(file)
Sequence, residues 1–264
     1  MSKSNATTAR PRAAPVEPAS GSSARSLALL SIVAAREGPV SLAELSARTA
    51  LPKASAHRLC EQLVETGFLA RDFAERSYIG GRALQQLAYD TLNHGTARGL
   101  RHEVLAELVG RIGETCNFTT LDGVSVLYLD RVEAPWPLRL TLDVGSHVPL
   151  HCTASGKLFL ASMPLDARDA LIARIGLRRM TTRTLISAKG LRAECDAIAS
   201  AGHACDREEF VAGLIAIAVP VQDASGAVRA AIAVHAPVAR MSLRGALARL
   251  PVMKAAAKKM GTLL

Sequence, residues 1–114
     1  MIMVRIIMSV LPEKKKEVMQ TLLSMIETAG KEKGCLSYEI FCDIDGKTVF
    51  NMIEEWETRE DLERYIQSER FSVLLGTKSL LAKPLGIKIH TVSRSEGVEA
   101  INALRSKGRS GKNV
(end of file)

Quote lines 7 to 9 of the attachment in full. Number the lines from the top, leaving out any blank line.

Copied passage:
   251  PVMKAAAKKM GTLL

Sequence, residues 1–114
     1  MIMVRIIMSV LPEKKKEVMQ TLLSMIETAG KEKGCLSYEI FCDIDGKTVF